The J.E.B. Stuart Monument is at the intersection of Monument Avenue and North Lombardy Street. The Monument Avenue Commission circulated background material on it for a public forum in August, 2017:1
Date Conceived: A resolution by city council for a statue was made immediately following Stuart’s death during the CW.
Date Erected: May 30, 1907
Location: Original desired location: Capitol Square. Final: Round-a-bout Intersection of Monument Avenue and Lombardy Street. City Board of Alderman gave $20,000 to place it “anywhere but Capitol Square.” The site was decided upon around 1904.
Sculptor: Frederick Moynihan
Organizers: In 1891 the Veteran Cavalry Association of the Army of Northern Virginia was organized. Fitzhugh Lee was a member and created the Stuart Monument Association. A sketch of the monument was provided in 1896 by M. J. Dimmock during a Confederate veterans’ reunion.
Description: 22’ bronze equestrian monument of the young General seems to be halting his horse from full stride. He is turning to face east down what would have been at the time oncoming traffic heading west on W. Franklin St. (street is now one-way heading east to facilitate better rush hour traffic). He is wearing his signature hat and is in full uniform with a sword at his side. The statue base is of Virginia granite and is in the shape of a sloping hill. The base of the statue is inscribed with:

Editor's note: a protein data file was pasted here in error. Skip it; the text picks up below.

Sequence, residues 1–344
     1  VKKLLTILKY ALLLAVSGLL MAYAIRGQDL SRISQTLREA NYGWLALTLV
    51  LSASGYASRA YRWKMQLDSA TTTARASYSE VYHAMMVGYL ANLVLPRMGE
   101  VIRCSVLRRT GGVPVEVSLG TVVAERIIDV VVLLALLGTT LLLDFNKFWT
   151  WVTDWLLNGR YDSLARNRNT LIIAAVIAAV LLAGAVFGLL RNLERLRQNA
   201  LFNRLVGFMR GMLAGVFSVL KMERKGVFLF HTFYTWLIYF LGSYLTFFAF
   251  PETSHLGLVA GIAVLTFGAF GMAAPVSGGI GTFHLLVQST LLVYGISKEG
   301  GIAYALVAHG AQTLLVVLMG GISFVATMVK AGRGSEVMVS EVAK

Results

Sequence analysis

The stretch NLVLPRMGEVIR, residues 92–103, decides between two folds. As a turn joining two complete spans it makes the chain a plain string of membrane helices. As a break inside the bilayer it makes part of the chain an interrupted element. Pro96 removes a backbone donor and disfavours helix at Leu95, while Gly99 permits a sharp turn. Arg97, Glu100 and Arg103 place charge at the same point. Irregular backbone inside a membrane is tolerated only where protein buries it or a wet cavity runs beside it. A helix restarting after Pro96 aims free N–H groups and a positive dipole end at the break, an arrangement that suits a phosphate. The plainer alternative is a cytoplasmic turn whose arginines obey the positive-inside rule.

East side: MAJ. GEN J.E.B. STUART / Commander Cavalry Corps / Army Northern Virginia / Confederate States of America / This statue erected by his comrades and the City of Richmond A.D. 1907
West side: Born in Patrick County, Va, February 6, 1833/ Died in Richmond, Va, May 12, 1864 / Aged 31 Years / Mortally wounded in the Battle of Yellow Tavern May 11, 1864 / “He gave his life for his country and saved his city from capture.”
South side: “Tell General Stuart to act on his own judgement and do what he thinks best; I have implicit confidence in him.” – General T. F. (Stonewall) Jackson on turning over the command of his troops to Stuart, after being wounded at Chancellorsville, May 2, 1863.
North side: His grateful countrymen will mourn his loss and cherish his memory. To his comrades in arms he has left the proud recollection of his deeds and the inspiring influence of his example.” General R.E. Lee announcing the death of General Stuart to his Army, May 20, 1864.